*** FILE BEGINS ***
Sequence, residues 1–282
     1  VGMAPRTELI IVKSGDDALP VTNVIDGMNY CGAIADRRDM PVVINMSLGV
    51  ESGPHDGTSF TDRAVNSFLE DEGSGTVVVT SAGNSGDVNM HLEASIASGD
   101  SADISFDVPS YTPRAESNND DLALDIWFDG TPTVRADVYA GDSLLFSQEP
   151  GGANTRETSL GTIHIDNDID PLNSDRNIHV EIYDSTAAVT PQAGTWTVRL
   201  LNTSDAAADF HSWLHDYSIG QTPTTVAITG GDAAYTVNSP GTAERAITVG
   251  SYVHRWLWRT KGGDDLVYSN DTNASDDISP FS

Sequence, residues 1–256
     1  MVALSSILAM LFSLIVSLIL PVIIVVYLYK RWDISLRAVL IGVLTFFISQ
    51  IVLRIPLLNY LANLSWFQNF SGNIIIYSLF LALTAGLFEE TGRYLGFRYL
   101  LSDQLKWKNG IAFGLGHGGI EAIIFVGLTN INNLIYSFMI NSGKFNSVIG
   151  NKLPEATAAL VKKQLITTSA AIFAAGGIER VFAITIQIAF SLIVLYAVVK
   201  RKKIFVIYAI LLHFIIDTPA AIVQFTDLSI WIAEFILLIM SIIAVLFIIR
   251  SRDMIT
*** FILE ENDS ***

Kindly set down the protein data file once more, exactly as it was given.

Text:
Sequence, residues 1–282
     1  VGMAPRTELI IVKSGDDALP VTNVIDGMNY CGAIADRRDM PVVINMSLGV
    51  ESGPHDGTSF TDRAVNSFLE DEGSGTVVVT SAGNSGDVNM HLEASIASGD
   101  SADISFDVPS YTPRAESNND DLALDIWFDG TPTVRADVYA GDSLLFSQEP
   151  GGANTRETSL GTIHIDNDID PLNSDRNIHV EIYDSTAAVT PQAGTWTVRL
   201  LNTSDAAADF HSWLHDYSIG QTPTTVAITG GDAAYTVNSP GTAERAITVG
   251  SYVHRWLWRT KGGDDLVYSN DTNASDDISP FS

Sequence, residues 1–256
     1  MVALSSILAM LFSLIVSLIL PVIIVVYLYK RWDISLRAVL IGVLTFFISQ
    51  IVLRIPLLNY LANLSWFQNF SGNIIIYSLF LALTAGLFEE TGRYLGFRYL
   101  LSDQLKWKNG IAFGLGHGGI EAIIFVGLTN INNLIYSFMI NSGKFNSVIG
   151  NKLPEATAAL VKKQLITTSA AIFAAGGIER VFAITIQIAF SLIVLYAVVK
   201  RKKIFVIYAI LLHFIIDTPA AIVQFTDLSI WIAEFILLIM SIIAVLFIIR
   251  SRDMIT